DWJ: OT Books set at universities

Robyn Starkey rohina at shaw.ca
Wed Feb 20 20:07:30 EST 2002


>Heh heh. I know an English teacher who could do with that treatment. I might
>be wrong, since this is only based on one conversation with him, but he
>seemed to think that the only books worth reading were Grown Up and Real
>Life and Gritty, and that "children's books" are somehow below him.

So he's the guy who gives out the awards to all those gritty YA books, is he?

>The best books, in my opinion, are accessible to all ages, or a wide range
>of ages. Philip Pullman is a classic example of a misconception of target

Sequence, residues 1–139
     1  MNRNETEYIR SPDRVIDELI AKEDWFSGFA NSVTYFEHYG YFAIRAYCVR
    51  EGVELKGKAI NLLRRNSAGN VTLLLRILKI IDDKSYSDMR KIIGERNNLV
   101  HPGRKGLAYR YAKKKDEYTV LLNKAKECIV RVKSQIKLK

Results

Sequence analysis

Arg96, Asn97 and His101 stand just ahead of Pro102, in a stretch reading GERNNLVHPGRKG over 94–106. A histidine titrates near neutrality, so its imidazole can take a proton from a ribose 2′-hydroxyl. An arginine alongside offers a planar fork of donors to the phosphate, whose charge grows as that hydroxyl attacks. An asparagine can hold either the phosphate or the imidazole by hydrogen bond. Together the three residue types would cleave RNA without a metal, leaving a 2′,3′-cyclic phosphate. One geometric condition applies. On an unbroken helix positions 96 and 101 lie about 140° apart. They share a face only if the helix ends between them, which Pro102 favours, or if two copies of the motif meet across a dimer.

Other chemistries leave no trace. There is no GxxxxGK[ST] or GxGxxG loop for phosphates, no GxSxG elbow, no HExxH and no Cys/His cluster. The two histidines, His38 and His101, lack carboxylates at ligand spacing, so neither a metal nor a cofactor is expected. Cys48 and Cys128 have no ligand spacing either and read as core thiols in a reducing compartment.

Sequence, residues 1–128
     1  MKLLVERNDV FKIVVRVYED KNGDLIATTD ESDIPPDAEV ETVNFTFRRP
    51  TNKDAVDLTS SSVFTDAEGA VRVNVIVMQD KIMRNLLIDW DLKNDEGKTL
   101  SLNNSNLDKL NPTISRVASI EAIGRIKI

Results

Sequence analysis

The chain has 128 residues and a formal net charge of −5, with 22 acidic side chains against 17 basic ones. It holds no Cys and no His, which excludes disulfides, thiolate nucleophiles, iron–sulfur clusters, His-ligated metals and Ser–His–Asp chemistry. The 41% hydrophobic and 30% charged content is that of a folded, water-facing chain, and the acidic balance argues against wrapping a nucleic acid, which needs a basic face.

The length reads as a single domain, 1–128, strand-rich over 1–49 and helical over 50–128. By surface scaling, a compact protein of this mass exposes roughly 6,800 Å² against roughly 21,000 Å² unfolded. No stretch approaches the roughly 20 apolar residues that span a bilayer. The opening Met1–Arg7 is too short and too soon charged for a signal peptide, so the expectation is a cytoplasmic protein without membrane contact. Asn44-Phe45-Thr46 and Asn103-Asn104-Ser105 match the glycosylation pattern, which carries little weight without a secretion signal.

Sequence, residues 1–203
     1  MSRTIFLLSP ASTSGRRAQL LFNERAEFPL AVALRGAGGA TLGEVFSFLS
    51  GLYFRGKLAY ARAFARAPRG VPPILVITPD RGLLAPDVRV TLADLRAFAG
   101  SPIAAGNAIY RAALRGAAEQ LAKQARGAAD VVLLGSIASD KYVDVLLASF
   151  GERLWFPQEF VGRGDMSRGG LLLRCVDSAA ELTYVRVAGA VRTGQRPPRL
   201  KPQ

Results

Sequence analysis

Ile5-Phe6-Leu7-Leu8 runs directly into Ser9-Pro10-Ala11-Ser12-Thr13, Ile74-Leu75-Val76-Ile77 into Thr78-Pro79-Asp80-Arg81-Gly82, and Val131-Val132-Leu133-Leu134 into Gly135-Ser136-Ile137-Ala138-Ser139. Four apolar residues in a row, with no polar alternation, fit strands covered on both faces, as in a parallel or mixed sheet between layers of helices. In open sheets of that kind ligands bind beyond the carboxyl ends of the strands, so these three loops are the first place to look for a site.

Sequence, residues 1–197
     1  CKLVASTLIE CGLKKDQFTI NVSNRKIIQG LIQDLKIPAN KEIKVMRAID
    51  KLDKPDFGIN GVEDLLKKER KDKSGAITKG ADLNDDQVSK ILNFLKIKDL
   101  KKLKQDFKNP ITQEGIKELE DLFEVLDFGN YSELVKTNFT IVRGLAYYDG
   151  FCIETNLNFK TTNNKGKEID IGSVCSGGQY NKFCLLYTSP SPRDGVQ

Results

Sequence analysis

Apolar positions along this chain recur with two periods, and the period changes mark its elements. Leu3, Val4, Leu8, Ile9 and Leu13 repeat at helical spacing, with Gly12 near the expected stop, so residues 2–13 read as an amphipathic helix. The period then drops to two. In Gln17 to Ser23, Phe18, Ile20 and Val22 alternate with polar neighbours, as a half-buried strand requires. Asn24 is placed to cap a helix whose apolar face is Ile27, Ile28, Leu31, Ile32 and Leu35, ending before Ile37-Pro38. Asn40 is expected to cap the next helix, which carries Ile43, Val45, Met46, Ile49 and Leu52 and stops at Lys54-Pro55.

>audience by publishers. "His Dark Materials" isn't really for children,
>although it has young protagonists and is accessible to children.

I imagine a lot of young readers may have an experience of Pullman which is 
very different to adult readers. Like all those people who you talk to as 
adults about Narnia, and they say "what do you mean it is Christian allegory?".

>"Doctor
>Who" suffers this too - it is often thought of as a children's series. The
>books have developed a long way from the TV show, and even that wasn't
>really "for children".

I found it way to scary to watch when I was a child, and only got into it 
when my younger brother needed someone to watch it with him because it was 
too scary.

Robyn

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